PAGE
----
Sustainability Goals More Vital Than Ever Post-COVID, Fuel Industry Says

fuel truck

It may not be one of the most immediately pressing issues raised by the coronavirus pandemic, but COVID-19 has raised the profile of aviation’s environmental responsibility. Even as would-be vacationers yearn for a relaxation in travel restrictions, reductions in pollution and aircraft noise are cited worldwide as bright spots amid the gloom.

How aviation responds to these sets of strong but apparently conflicting demands may prove critical to the industry’s future.

“Nothing that’s happening at the moment is changing the need to find lower-carbon ways of developing the aviation industry,” says Tom Parsons, commercial business development manager for biojet fuel with AirBP. “We’re seeing improvement in the environment as a result of the reduction of industrial activity. I think that’s enabling people to see more clearly what is possible when we all act together in terms of making changes, and also the appreciation for what we have in terms of the natural environment around us.”

However strong those forces prove in the longer term, present action to prevent climate change may be sliding down the list of priorities as governments, industries and the public scramble to mitigate day-to-day damage done by the pandemic.

It is impossible to gain maximum carbon-reduction cost benefits if biofuel has to be transported long distances to an airport. Credit: AirBP

“[The pandemic] is impacting in the short term on the ability of operators and airlines to focus on bringing forward low-carbon solutions,” Parsons says. “We are seeing some deferral and delay in some of the things we’re working on—but not all. It’s still a priority for those in the industry that are able to maintain some focus on this despite other pressures. And I think that potentially more will come through than would have perhaps otherwise done, because societal expectations’ will probably increase.”

Many of the projects Parsons and others in the business-aviation industry have been pursuing involve increasing the use of sustainable aviation fuels (SAF). Chemically identical to standard jet fuels, SAF can be derived from a range of renewable feedstocks and, after blending with Jet A1, can be used by any aircraft without modification. 

SAF production is still at relatively low volumes and significantly more expensive than fossil fuel. Regulatory pressure will help drive demand upward. From the beginning of this year, the Norwegian government has mandated that 0.5% of all jet fuel sold in the country must be SAF; other nations are expected to follow with similar stipulations. But demand likely will need to increase as an active choice of operators before significant cost reductions will be seen.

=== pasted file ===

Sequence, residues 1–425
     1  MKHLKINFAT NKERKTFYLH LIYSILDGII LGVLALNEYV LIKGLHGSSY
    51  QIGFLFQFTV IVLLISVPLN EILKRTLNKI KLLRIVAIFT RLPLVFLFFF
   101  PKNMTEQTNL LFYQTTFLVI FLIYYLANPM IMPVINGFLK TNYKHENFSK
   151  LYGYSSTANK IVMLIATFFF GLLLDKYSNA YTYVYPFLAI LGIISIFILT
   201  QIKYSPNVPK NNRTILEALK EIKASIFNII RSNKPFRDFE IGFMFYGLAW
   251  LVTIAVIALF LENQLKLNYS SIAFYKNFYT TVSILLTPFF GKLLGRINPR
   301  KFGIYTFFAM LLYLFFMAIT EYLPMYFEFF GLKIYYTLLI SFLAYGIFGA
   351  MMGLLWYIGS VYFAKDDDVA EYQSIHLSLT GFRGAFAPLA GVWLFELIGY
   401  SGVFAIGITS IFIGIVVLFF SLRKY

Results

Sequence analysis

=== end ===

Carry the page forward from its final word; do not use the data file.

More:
Business aviation has been posititioned as a potential leader in this area, particularly during the post-COVID recovery phase. With commercial airlines possibly forced to operate with reduced capacity to enable distancing on board, their appetite to absorb higher fuel prices—or pass them on to passengers—is likely to be limited.

Even when an operator has committed to paying more, the availability of SAF at a specific airport may be an issue. Unless and until there are SAF plants near most major aviation hubs, SAF’s carbon-reduction effects will be limited as sea and ground transportation will add emissions to the product. To help solve this problem while promoting the use of SAF as widely as possible, the industry has devised a workaround. During the British Business and General Aviation Association’s conference in March, Bryan Stonehouse, global biofuels manager for Shell Aviation, explained how the system—referred to as “book-and-claim”—works: 

“The key thing for reducing carbon in the industry is to make sure the low-carbon fuels are actually being used, and used in a demand center that’s close to production. What book-and-claim does is allow somebody to buy the carbon credit attached to that fuel, then the fuel goes to the most logical airport. It allows people to create demand.”

There are still obstacles. Differences in national rules regarding carbon credits and how they are counted may make book-and-claim schemes more complicated in certain places. During the World Economic Forum in Davos, Switzerland, earlier this year, the supply of SAF to Zurich airport was complicated because Swiss customs officials treated biofuel being treated as a product different from  standard fuel. The supply of SAF to Geneva ahead of EBACE was still a work in progress when the convention was canceled. But the fuel industry’s message to business aviation is clear: If you want to buy SAF, you can do so right now, and whether or not it ends up in your jet, it will be used somewhere, reducing emissions overall.

“Sustainable fuel is available, and we have a significant amount in storage, ready to supply right now,” Parsons explains. “The industry is ready to bring that product to those customers, whether it’s direct or through a more efficient supply chain or the book-and-claim approach to maximize the CO2 reduction from the use of that fuel.”

Angus Batey

Angus Batey has been contributing to various titles within the Aviation Week Network since 2009, reporting on topics ranging from defense and space to business aviation, advanced air mobility and cybersecurity.